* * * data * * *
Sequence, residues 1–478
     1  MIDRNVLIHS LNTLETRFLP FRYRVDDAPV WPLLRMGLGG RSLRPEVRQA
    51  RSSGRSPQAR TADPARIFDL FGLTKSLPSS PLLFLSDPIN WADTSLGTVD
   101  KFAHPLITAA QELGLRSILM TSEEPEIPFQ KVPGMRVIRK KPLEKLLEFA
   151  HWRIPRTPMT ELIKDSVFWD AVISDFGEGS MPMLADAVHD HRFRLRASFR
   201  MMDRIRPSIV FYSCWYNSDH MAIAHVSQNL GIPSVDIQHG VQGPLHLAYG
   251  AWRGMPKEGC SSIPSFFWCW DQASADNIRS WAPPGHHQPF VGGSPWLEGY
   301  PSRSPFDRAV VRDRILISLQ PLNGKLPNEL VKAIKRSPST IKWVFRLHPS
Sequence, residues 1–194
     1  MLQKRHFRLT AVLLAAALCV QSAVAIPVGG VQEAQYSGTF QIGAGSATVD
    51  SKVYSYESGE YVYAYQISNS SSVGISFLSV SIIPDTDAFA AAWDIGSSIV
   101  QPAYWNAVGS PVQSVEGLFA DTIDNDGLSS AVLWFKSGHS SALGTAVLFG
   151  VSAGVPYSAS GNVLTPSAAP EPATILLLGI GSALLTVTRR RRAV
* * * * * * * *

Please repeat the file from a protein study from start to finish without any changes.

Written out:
Sequence, residues 1–478
     1  MIDRNVLIHS LNTLETRFLP FRYRVDDAPV WPLLRMGLGG RSLRPEVRQA
    51  RSSGRSPQAR TADPARIFDL FGLTKSLPSS PLLFLSDPIN WADTSLGTVD
   101  KFAHPLITAA QELGLRSILM TSEEPEIPFQ KVPGMRVIRK KPLEKLLEFA
   151  HWRIPRTPMT ELIKDSVFWD AVISDFGEGS MPMLADAVHD HRFRLRASFR
   201  MMDRIRPSIV FYSCWYNSDH MAIAHVSQNL GIPSVDIQHG VQGPLHLAYG
   251  AWRGMPKEGC SSIPSFFWCW DQASADNIRS WAPPGHHQPF VGGSPWLEGY
   301  PSRSPFDRAV VRDRILISLQ PLNGKLPNEL VKAIKRSPST IKWVFRLHPS
Sequence, residues 1–194
     1  MLQKRHFRLT AVLLAAALCV QSAVAIPVGG VQEAQYSGTF QIGAGSATVD
    51  SKVYSYESGE YVYAYQISNS SSVGISFLSV SIIPDTDAFA AAWDIGSSIV
   101  QPAYWNAVGS PVQSVEGLFA DTIDNDGLSS AVLWFKSGHS SALGTAVLFG
   151  VSAGVPYSAS GNVLTPSAAP EPATILLLGI GSALLTVTRR RRAV